I get a lot of cues about the market just by reading the tape on the S&P 500…
Which is why it’s the first thing I look at every day.
It helps me get an idea of the overall market. I can then drill down to individual stocks to see how each sector is acting compared to another.
But even just the way a sector moves – accelerates and decelerates – is telling. And if you watch the S&P 500 as closely as I do, you’ll know one thing for sure…
This year, it’s been tumbling downhill.
Since January, the S&P 500 has fallen over 20% into official bear market territory.
Countermoves Mean Plenty of Trading Opportunities
But while the traffic has been pretty much one-way (in this case, down) – there’ve been many smaller countermoves (or countertrends) along the way.
Take a look at the S&P 500 chart below, and you’ll see what I mean…
The orange line represents the 50-day moving average (MA), which shows the overall long-term trend of the S&P 500. And the dark blue line represents the price of the index.
In this case, it’s been a steady slide for almost a year.
But while the S&P 500 moved overall lower this year, we can see a number of countermoves as well.
That all adds up to something quite clear…
Markets don’t move in straight lines. Not for a day or even for a week. And certainly not for over a year.
It’s these countermoves – that go against the primary trend – that I search out for my trading opportunities. The technical term for this is mean reversion.
Put simply, when stock prices move away from their average, I take note of it. And then I trade it.
Let’s take another look at the S&P 500. But this time, using a shorter timeframe…
Don’t Forget To Use Bollinger Bands
The chart below shows the S&P 500 from March to September…
There’s quite a lot going on in this chart, but I’ll explain what it all means.
Here, the black line represents the long-term 50-day MA and the dark blue line represents the price of the index.
This time I added Bollinger Bands (BB), marked by the two red lines. Bollinger Bands show how far prices have traded from the average (black line).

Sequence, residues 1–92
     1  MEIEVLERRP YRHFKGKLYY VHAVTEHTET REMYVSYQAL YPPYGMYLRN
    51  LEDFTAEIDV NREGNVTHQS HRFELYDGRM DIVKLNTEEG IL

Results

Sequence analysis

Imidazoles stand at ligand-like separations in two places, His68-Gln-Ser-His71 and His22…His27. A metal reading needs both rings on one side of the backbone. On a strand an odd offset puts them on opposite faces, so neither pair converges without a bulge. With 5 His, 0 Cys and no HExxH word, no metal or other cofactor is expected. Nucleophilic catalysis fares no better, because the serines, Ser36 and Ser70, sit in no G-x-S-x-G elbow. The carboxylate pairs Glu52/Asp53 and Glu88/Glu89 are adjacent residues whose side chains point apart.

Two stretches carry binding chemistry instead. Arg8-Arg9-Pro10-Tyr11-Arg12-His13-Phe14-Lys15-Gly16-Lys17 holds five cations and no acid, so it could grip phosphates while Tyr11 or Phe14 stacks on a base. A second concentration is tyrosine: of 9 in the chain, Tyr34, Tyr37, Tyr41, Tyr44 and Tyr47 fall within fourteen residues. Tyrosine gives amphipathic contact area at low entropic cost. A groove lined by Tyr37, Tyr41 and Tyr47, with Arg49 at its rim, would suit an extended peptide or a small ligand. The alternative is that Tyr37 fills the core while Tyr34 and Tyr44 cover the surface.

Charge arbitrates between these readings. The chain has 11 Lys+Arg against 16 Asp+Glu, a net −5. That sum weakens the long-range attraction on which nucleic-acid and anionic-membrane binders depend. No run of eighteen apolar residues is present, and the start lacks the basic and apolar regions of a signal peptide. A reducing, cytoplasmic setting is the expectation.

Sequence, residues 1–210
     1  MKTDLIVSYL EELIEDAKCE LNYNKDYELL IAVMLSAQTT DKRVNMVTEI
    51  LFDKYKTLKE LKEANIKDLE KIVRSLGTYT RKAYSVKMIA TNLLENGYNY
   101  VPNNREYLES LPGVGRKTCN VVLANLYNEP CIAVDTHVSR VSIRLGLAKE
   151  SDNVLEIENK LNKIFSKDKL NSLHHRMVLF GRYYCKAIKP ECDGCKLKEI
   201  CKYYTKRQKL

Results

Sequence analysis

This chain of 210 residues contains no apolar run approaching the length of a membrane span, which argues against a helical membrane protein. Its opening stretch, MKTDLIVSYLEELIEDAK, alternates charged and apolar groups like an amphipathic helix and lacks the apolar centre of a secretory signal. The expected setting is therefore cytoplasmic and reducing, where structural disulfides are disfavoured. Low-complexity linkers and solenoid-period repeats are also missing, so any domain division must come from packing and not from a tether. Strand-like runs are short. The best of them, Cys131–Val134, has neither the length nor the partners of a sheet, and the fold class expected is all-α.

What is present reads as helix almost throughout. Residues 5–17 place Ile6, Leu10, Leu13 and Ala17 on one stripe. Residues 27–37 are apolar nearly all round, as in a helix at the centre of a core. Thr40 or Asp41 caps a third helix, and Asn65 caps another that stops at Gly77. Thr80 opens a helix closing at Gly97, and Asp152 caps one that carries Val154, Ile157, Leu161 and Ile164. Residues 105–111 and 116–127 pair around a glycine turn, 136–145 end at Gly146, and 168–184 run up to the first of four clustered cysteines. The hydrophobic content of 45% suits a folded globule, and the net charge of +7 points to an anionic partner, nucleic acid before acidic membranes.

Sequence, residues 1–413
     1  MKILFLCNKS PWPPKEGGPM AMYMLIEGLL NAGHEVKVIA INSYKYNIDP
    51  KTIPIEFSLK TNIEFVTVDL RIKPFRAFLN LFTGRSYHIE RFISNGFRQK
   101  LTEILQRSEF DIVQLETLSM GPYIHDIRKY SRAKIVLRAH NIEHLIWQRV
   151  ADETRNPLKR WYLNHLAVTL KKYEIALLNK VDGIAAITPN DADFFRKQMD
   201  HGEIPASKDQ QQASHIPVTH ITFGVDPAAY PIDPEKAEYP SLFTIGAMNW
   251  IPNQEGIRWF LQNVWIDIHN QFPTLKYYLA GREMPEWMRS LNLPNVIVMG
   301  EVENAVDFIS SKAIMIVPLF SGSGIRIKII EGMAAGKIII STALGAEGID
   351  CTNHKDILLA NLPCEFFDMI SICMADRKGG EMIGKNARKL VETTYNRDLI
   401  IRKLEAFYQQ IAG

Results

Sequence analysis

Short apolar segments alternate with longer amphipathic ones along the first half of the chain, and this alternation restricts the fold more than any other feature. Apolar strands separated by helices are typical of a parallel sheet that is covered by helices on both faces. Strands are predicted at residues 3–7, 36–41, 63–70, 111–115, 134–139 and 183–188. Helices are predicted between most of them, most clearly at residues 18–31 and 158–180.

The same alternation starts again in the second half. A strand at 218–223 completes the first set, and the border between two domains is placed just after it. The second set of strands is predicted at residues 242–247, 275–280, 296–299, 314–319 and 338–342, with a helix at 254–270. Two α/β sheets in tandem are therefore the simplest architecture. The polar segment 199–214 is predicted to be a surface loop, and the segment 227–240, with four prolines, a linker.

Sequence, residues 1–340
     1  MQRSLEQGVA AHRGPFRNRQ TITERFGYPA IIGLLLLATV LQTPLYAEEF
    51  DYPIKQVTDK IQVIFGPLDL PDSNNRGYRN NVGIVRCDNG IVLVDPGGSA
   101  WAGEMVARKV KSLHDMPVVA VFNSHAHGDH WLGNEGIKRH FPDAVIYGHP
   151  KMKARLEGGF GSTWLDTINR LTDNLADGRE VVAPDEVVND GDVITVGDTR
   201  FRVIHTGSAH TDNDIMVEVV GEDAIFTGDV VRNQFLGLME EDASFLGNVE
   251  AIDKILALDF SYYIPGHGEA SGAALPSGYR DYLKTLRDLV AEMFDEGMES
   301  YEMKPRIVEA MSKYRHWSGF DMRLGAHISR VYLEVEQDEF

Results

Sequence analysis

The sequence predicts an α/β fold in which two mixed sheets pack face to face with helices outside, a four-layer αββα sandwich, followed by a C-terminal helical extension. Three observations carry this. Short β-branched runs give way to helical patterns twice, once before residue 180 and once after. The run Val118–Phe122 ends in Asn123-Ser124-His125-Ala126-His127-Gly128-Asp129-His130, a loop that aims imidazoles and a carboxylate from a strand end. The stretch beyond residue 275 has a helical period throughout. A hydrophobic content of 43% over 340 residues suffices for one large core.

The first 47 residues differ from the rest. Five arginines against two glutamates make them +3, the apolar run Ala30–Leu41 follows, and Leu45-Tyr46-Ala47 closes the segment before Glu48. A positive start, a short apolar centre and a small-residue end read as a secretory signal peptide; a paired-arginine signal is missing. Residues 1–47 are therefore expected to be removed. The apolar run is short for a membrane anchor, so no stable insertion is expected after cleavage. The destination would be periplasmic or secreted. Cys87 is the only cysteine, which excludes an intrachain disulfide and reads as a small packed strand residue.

The way Bollinger Bands are calculated – 95% of that price range lies within these two red lines.
Because the black line is an average, the idea is that the stock price (or index level) will eventually revert to the mean (average).
Above (or near) the top red line means the stock or index is overbought. Below (or near) the bottom red line means it is oversold.
On their own, Bollinger Bands are not enough.
As you can see, twice since March, the price reached the upper red line, indicating the index was overbought. Yet the black line (average) continued to move on down.
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How To Identify the Right Trade
That’s why what I do next is crucial…
First, I use the long-term MA to determine the overall trend. This part is key.
Next, I use Bollinger Bands to determine where to enter the trade. It’s important to put the two together.
If the long-term trend is up, I use the bottom red line as a place to buy. If I get it right and the price reverts to the mean (moves higher), I can then look to sell out for a profit.
Similarly, if the long-term trend is down, I use the upper red line as a place to go short. In this case, if the price reverts to the mean (moves lower), I will look to buy it back for a profit.
For example, the two green circles represent two notable countertrends in the S&P 500. The index moved much higher than it previously had – coming all the way up to its upper BB.
By using Bollinger Bands in conjunction with a long-term average, you can help put the odds in your favor… at least from the perspective of technical analysis.
And in doing so, you can take advantage of the many countermoves in the markets.
Editor, Trading With Larry Benedict
Do you use Bollinger Bands as part of your technical analysis?
Let us know your thoughts – and any questions you have –at [email protected].